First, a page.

Handling a Metal Contamination Food Recall

Here are six strategies that can help minimize the occurrence or impact of a recall.

Metal Recall

Any food recall incident is a crisis situation that requires quick action to mitigate any longstanding financial and reputational damage. Metal detection specialist Fortress Technology offers a look at different factors that can make food operators vulnerable to a recall, even with inspection equipment in place.

Quality assurance often runs deeper than the obvious. Rather than considering the ‘if’ it can be prudent to think instead about the ‘when’. To mitigate future contaminant risks means you are not looking for patterns, but future potential holes in the security chain. From a practical perspective, food processing inspection risks should be reviewed every 12 months as part of a defined HACCP assessment.

Here are some specific tactics and strategies:

  • Run mock recalls. Don’t wait for a crisis to hit before developing your recall response. It can be advisable to run several mock rehearsals for different product scenarios. Make sure you involve everyone that would be connected to a recall, from quality assurance managers to production line operators, customer service personnel and marketing. Testing your process regularly helps to clarify everyone’s role. Have a contingency team too, to cover holidays and recalls that hit outside of usual operating hours.
  • Know your metals. First, there’s the widespread use of stainless steels in the food industry. These are more difficult to detect than ferrous metals such as iron and steel or non-ferrous metals such as copper or zinc. That’s because metal detectors work by monitoring disturbances in an electromagnetic field, caused by magnetic and conductive characteristics of material passing through. Ferrous metals are both magnetic and good electrical conductors so they’re relatively easy to detect. Non-ferrous metals aren’t magnetic but they’re good conductors. Stainless steel, specifically the 300 series, is non-magnetic and is also a poor electrical conductor. These characteristics make stainless steel the most difficult metal type to detect. In practice this means that in a sphere of stainless steel hidden in a dry product typically needs to be 50 percent larger than a ferrous sphere to generate similar signal strength. That disparity can rise from 200 to 300 percent when inspecting wet product with conductive characteristics.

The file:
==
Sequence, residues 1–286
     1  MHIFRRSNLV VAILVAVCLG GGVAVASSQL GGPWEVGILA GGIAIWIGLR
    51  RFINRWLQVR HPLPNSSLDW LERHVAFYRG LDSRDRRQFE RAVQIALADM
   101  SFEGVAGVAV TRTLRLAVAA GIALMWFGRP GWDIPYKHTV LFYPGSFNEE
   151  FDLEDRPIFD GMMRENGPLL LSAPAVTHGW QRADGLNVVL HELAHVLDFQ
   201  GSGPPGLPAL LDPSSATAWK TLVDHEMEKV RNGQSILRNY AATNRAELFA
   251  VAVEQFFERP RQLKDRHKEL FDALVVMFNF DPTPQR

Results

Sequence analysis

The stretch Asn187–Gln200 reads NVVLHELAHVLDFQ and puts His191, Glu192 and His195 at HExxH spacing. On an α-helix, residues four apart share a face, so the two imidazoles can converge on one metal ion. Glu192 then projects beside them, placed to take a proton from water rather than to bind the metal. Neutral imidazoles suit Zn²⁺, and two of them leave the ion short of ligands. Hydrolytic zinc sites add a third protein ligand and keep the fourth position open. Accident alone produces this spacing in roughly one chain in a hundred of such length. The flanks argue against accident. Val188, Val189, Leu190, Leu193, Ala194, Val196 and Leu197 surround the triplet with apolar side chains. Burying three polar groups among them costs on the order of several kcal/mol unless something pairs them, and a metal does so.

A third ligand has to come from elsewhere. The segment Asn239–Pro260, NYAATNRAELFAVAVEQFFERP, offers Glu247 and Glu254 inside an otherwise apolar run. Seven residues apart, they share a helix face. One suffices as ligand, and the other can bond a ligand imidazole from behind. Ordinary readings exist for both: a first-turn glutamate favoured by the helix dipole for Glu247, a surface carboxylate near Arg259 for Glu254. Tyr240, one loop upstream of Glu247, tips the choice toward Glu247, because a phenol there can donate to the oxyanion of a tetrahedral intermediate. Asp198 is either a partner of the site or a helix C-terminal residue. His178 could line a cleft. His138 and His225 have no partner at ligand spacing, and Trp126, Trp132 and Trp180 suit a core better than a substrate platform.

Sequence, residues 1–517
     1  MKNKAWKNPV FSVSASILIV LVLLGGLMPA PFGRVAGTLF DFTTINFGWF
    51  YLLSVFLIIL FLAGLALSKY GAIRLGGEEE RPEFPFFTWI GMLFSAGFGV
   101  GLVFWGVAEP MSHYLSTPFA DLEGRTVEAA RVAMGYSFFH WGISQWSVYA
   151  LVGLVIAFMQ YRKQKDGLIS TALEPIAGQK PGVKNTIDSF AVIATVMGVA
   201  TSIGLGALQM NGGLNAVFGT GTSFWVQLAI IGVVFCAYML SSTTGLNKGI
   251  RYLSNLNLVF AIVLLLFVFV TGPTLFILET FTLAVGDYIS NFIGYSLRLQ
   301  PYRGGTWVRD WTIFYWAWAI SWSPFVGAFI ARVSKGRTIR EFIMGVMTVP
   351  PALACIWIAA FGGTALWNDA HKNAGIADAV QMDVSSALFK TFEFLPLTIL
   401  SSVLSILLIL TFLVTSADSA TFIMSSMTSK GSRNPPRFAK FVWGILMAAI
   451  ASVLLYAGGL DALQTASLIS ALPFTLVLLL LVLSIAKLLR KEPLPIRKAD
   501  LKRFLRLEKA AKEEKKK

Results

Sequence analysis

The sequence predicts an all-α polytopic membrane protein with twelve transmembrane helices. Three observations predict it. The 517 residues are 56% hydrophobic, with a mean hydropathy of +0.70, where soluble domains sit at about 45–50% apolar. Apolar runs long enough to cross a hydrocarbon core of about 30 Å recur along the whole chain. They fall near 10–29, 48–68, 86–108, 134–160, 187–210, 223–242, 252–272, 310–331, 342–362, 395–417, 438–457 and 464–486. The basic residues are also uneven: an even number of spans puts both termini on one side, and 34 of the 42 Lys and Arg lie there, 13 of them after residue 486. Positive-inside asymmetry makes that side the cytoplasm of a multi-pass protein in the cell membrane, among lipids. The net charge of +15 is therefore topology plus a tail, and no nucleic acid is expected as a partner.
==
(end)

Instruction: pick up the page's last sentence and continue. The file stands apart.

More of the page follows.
• Consider product flow and shape. Food products come in all shapes, sizes and density. What’s more, products don’t always travel consistently in the same direction when passing through the metal detector aperture. Since size, shape, orientation and position of metal contaminants cannot be controlled, operating a metal detector at the highest possible sensitivity is generally viewed as the best method to detect contaminants. It’s equally important to remember that metal detector performance is usually measured using spheres. However, metal contamination may not be spherical, thus the signal generated by said contaminant can vary. The most extreme example is small diameter wire, which may be easy to detect if it presents to the detector in one orientation, but very tricky to spot if it arrives in a different orientation.